Over the past 36 years, Steve Rothe’s contribution to the Omaha District’s ecosystem restoration mission has been second to none. Drawing on his undergraduate and graduate-level education in Biology and experience as a Biology Teacher with the Peace Corps in Kenya, Steve launched his career with the Corps as an Environmental Resources Specialist in the Environmental Analysis Branch of the Omaha District’s Planning Division in 1979. After working on many diverse environmentally-related projects for 12 years, Steve transferred to the Plan Formulation Branch in 1991 as a Plan Formulator/Project Manager responsible for managing ecosystem restoration projects, including the first Section 206 (Aquatic Ecosystem Restoration) and first large-scale Section 1135 (Project Modifications for Improvement of the Environment) projects in the country.
As the Corps continued to ramp up its capability to implement the National Environmental Policy Act and related legislation in the 1970s, Steve was hired, sight unseen by the Environmental Analysis Branch Chief, to assist the District with assessing the impacts of its actions on the environment, in accordance with this ground-breaking legislation. Steve conducted environmental assessments for proposed oil and gas development and utility and pipeline projects, on federal land at the six Missouri River Mainstem Projects, and conducted Section 404(b)(1) analysis of Clean Water Act permit applications to ensure proposed work would not detrimentally affect water quality or the environment. Steve also assisted in assessing the biological and human environment in order to update the Fort Peck Master Plan, a document guiding the appropriate uses, development, enhancement, protection and conservation of natural, manmade and cultural resources at the Fort Peck Dam and Reservoir Project.
Also during his days in the Environmental Analysis Branch, Steve led several Section 22 (Planning Assistance to States) studies in 1989 and 1990, both sponsored by the Papio-Missouri River Natural Resources District (NRD). These studies identified several optimum locations and conceptual designs for ecosystem restoration projects along the Missouri River in six Nebraska counties. The results of the Section 22 studies soon provided the Omaha District and the NRD with the groundwork to collaborate on implementing one of the studies’ identified projects. In 1991, the Corps received initial funding in its Section 1135 authority. That same year, Steve had transferred to the position of Plan Formulator/Project Manager in the Plan Formulation Branch, bringing with him the in-depth experience gained while working in the Environmental Analysis Branch. Under Steve’s leadership, the Boyer Chute project in Washington County, Nebraska became the first large-scale Section 1135 project in the Nation and the NRD’s first “Back to the River” project, an initiative aimed at getting the public reconnected with the Missouri River.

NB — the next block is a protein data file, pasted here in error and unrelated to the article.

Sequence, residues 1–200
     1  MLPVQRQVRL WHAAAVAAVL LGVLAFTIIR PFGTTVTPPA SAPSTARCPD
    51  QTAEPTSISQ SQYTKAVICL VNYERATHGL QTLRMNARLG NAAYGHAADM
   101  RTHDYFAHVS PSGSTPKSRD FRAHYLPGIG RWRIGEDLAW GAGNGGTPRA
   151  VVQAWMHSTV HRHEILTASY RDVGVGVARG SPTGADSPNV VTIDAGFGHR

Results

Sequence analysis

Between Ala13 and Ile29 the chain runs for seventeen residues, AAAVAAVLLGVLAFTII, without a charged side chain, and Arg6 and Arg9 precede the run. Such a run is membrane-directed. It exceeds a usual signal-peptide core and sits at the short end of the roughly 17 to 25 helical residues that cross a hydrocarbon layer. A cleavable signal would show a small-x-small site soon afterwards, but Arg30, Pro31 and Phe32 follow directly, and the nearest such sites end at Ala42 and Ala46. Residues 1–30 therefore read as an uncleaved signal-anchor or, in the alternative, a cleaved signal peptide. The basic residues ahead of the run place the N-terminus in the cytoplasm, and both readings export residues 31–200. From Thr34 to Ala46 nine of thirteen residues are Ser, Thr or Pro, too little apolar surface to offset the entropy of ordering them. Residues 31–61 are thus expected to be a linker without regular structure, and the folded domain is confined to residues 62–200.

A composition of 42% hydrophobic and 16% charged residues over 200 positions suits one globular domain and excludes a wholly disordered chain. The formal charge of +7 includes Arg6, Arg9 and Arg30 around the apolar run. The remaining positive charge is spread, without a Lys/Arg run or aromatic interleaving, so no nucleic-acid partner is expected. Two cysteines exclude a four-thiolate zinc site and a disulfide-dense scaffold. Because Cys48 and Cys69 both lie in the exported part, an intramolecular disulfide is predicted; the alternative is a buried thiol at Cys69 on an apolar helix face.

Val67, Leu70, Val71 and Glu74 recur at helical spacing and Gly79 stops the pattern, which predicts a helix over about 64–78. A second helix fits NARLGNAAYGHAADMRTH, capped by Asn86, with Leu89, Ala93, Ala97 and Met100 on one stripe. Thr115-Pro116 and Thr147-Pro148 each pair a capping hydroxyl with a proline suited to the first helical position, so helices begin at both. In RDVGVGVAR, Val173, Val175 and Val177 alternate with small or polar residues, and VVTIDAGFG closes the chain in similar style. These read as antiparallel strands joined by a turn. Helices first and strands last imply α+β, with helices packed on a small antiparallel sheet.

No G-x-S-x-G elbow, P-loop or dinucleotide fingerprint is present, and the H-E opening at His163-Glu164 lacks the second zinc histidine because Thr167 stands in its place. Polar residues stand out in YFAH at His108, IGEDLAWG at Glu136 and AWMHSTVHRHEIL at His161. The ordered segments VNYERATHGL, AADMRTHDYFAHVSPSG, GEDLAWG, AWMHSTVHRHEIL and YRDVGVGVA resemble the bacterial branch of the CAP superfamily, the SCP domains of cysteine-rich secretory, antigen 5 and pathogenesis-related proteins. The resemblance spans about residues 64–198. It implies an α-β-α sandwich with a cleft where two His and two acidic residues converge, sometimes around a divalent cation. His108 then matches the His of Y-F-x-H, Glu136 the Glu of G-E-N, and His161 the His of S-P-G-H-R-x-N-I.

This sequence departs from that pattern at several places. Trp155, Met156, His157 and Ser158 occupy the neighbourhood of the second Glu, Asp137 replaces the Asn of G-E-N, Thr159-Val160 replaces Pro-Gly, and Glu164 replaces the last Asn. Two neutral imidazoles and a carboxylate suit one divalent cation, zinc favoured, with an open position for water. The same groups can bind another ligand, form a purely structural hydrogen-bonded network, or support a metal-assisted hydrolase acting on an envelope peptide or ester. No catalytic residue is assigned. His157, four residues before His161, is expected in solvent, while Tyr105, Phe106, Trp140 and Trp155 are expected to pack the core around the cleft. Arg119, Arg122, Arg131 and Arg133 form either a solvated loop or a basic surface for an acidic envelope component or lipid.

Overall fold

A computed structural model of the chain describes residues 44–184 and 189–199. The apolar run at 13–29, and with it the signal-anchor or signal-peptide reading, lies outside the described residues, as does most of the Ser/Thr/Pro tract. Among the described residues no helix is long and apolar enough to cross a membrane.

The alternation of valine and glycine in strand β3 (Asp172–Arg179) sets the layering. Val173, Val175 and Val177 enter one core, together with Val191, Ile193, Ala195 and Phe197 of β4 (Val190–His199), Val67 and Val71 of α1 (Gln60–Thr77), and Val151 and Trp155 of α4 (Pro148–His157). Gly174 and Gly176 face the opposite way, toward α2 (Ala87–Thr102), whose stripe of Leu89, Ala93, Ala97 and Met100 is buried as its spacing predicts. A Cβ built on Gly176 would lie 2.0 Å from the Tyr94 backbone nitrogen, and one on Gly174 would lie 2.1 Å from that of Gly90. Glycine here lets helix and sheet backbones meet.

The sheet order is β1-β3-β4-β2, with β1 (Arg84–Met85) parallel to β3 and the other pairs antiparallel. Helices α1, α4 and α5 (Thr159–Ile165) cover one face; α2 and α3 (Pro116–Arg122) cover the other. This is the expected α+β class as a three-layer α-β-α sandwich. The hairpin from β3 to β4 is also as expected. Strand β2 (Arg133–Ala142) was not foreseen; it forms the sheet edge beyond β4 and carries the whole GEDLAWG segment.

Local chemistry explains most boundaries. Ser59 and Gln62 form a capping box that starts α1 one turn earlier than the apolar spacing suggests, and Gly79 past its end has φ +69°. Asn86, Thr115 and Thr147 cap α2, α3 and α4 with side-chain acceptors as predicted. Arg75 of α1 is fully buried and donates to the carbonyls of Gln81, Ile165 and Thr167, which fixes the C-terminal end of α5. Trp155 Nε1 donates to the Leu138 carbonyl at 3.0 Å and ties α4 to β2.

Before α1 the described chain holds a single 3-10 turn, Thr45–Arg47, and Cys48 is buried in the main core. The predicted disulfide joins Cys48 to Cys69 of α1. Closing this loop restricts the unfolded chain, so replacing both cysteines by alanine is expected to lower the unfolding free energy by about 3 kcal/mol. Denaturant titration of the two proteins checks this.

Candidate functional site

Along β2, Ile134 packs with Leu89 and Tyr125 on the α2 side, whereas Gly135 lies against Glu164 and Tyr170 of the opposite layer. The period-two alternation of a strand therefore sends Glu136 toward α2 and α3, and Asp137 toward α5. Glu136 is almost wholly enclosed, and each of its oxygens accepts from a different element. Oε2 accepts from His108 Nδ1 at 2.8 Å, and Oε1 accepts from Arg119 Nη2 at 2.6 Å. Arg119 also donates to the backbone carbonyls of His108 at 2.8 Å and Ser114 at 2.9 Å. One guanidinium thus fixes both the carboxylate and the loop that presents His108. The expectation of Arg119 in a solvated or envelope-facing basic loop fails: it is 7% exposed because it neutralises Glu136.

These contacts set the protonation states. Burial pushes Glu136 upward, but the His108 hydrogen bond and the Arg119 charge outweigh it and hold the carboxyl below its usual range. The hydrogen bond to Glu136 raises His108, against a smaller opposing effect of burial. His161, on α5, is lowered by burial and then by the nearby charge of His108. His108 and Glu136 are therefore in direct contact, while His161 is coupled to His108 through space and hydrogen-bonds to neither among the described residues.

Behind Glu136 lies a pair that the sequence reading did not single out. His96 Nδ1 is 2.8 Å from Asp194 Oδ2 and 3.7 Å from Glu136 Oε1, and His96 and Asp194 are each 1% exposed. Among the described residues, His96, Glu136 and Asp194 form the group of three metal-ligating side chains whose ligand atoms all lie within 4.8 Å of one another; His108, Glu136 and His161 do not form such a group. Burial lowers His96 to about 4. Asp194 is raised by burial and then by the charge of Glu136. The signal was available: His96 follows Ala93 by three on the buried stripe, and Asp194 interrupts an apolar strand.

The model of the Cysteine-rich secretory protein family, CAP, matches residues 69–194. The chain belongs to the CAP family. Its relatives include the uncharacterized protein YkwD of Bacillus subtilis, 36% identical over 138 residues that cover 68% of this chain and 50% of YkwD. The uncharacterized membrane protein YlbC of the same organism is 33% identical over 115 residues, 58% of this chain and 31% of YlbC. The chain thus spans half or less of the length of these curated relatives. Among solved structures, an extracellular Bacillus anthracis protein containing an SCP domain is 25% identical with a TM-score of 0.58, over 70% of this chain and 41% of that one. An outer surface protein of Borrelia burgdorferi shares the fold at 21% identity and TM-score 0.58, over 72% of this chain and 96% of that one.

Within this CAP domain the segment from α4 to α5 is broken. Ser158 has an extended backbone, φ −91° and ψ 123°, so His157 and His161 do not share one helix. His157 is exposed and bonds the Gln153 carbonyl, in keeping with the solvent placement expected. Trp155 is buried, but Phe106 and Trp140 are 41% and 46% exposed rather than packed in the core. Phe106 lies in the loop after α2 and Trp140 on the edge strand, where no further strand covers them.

In addition to the Boyer Chute project, which was awarded as the “Omaha District Planning Team of the Year” in 1994, Steve effectively managed portions or all of several other Section 1135 projects throughout his career. The Hidden Lake/Great Marsh project in Nebraska also was awarded “Planning Team of the Year” by the Omaha District.
Steve’s environmental expertise also allowed him to successfully lead several Section 206 projects, including the first one in the Nation, a wetlands project at Nathan’s Lake in Nebraska. Steve’s most recent study effort led to a Section 206 project along the Cache la Poudre River near Greeley, Colorado, and earned him Omaha District’s “Planner of the Year Award.” The team’s effort earned them the “Planning Team of the Year Award.” In true team leader fashion, upon learning of the awards Steve thanked all of his team members and provided them with accolades for their hard work and dedication. According to Dave Brandon, Chief of the Economic, Cultural Resources and Planning Quality Review Section of the Planning Branch, “not only has he been an exemplary team leader, but Steve has proven to be a patient and effective mentor for many less experienced Plan Formulators and Project Managers over the years. He is widely respected as the Senior Environmental Restoration Planner and one of the best writers and reviewers in the Omaha District.”